- China and the European Union (EU), world leaders in circular economy policy, sign a Memorandum of Understanding on Circular Economy Cooperation at the 20th EU-China Summit in Beijing on 16th July
- Transition to a circular economy in the world’s two largest economies could accelerate adoption of circular economy practices at a global scale, creating potential for a ‘system shift’ towards a low carbon, regenerative economy
- New analysis from the Ellen MacArthur Foundation finds that transition to a circular economy in China’s cities could make goods and services more affordable for citizens, and reduce impacts normally associated with middle class lifestyles, such as traffic congestion and air pollution. Earlier researchfound that Europe could, by 2030, add €0.9 trillion to its GDP by moving to a circular economy, while halving its CO2 emissions
China and the EU have signed a joint Memorandum of Understanding on Circular Economy Cooperation at the 20th EU-China Summit taking place in the Chinese capital on 16th-17th July. Both stand to gain from aligning on policies that support the transition to a circular economy, which can unlock new sources of economic growth and innovation while benefiting people and the environment, for example by reducing pollution and congestion.
China has long been a pioneer of circular economy policies and practices, and Chinese cities are hubs of circular economy innovation. Transition to a circular economy presents China’s cities with significant opportunities to create new value, economic growth, and further drive that innovation, while becoming more liveable for citizens. Collaboration and sharing of knowledge and best practices are key to unlocking these opportunities. Closer alignment on the circular economy between China and the EU is a significant step, paving the way for a global shift towards an economic system that works for business, people and the environment.
China has been a frontrunner on circular economy policy for more than two decades. Its long- standing commitment to the circular economy was reaffirmed by President Xi at the 19th National Congress of the Communist Party of China last year. In Europe, the EU Action Plan for the Circular Economy, launched by the European Commission in 2015, established an ambitious programme of action and a timeline for its delivery.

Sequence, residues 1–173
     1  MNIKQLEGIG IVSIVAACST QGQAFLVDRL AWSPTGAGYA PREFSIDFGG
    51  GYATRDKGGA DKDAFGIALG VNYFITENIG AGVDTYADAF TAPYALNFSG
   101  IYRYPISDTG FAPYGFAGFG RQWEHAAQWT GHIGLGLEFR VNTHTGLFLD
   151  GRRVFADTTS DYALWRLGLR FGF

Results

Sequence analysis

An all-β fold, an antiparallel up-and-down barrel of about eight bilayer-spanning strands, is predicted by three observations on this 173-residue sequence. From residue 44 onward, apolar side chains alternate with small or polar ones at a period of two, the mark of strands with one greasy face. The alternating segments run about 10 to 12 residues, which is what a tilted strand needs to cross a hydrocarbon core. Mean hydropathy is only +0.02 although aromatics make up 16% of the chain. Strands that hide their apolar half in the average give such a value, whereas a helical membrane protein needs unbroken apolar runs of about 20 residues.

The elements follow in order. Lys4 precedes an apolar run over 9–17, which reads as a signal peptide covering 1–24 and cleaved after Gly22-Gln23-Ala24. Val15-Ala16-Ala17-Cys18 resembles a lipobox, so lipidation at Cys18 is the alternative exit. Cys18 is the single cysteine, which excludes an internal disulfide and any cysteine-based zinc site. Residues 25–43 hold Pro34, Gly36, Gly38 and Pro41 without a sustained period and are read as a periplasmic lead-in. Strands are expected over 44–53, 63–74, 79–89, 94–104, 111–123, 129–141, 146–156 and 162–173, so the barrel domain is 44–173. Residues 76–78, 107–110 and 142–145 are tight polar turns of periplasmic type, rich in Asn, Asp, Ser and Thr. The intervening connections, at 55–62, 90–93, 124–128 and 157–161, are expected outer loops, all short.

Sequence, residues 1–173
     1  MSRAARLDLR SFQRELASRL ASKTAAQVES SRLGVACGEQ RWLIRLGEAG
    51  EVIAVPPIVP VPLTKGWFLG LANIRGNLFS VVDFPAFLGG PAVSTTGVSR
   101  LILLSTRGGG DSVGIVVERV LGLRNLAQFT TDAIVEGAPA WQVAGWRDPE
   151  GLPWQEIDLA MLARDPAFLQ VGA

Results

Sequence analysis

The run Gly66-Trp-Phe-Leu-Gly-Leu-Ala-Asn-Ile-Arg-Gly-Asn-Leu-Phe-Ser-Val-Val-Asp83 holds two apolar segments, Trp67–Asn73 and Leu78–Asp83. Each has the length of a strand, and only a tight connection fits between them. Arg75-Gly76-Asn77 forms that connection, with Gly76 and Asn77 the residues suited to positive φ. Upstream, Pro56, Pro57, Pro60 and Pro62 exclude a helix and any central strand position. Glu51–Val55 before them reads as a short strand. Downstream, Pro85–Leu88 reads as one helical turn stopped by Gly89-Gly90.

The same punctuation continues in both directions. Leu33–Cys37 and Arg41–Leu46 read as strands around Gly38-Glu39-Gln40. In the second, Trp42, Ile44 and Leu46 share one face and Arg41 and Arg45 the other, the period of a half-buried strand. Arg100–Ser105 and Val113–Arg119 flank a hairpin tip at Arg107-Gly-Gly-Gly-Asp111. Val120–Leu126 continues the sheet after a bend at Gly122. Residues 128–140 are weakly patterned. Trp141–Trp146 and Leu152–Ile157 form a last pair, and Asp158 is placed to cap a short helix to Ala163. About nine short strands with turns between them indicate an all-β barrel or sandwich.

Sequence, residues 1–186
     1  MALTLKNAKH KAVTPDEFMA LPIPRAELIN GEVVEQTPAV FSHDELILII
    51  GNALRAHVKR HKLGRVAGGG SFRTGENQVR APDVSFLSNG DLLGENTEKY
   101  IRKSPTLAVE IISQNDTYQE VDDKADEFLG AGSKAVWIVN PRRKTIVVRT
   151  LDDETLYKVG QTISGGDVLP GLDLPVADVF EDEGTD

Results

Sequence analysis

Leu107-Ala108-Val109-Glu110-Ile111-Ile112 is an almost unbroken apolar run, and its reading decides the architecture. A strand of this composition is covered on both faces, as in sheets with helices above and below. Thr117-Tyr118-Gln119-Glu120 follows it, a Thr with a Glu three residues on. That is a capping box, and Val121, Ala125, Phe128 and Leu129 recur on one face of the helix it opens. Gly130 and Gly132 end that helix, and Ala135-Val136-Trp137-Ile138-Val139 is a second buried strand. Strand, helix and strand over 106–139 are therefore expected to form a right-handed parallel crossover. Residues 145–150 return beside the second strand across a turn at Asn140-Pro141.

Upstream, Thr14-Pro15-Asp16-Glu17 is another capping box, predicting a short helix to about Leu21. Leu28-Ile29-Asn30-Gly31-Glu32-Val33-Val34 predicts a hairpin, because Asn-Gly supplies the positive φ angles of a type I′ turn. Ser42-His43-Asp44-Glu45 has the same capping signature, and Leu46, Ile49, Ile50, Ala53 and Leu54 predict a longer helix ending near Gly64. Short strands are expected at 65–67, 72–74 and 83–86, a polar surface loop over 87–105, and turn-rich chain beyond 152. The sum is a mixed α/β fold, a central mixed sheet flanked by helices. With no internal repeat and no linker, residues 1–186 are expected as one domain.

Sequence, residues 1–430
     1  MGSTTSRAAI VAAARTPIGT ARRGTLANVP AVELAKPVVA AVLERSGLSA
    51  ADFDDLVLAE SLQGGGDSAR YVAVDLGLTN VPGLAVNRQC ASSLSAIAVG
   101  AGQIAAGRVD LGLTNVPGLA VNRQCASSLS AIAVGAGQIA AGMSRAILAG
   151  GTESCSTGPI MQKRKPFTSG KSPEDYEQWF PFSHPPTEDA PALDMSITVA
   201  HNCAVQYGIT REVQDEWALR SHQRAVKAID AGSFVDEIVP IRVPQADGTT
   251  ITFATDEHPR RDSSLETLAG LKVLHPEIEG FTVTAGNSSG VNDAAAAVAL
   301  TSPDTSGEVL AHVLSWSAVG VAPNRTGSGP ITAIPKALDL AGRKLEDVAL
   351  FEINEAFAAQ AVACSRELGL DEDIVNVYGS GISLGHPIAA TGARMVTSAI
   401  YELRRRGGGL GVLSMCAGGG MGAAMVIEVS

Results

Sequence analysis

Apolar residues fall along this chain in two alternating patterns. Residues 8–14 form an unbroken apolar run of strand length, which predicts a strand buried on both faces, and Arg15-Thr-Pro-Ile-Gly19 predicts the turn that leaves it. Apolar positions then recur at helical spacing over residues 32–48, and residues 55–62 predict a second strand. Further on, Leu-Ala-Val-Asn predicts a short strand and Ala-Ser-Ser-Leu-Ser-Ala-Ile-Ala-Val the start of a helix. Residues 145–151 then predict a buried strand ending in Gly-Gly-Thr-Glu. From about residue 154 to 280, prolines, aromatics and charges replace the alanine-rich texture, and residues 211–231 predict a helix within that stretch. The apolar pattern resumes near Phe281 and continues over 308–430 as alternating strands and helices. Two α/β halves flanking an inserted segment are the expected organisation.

The economic benefits of transition to a circular economy in Europe are well recognised: a 2015 Ellen MacArthur Foundation report found that transition to a circular economy could add €0.9 trillion to Europe’s GDP by 2030. This would be accompanied by better societal outcomes including an increase of €3,000 a year in household income, a reduction in the cost of time lost to congestion by 16%, and a halving of carbon dioxide emissions compared with current levels.
New analysis of Chinese cities, to be published later this year, quantifies the opportunities for urban and industrial innovation that transition to a circular economy could bring, after decades of rapid development and urbanisation. The research was conducted by the Ellen MacArthur Foundation in partnership with Arup and McKinsey & Company, supported by UNCTAD, funded by the MAVA Foundation, and with extensive consultation with government departments, academics and business circles in China. It finds that applying circular economy principles to transform China’s cities could not only make goods and services more affordable for citizens, but also reduce the impacts normally associated with middle class lifestyles, such as traffic congestion and air pollution.
China’s current development favours a circular economy, including substantial investments in renewable energy, rapid development of digital technologies, and a boom in asset-sharing platforms. Pioneering Chinese companies and initiatives are actively embracing a circular economy approach. The MoU is expected to set the scene for greater sharing with European counterparts of best practices already in place in China, and vice versa.
This historic agreement could pave the way for China and the EU to align key mechanisms, and potentially create the building blocks for product standards and policies, which can enable an effective circular economy, for example in the area of plastics. Indeed, plastics has been a recent policy priority for both China and the EU, as the focus of the EU’s circular economy agenda in 2017, and covered by China’s foreign waste import ban in 2017.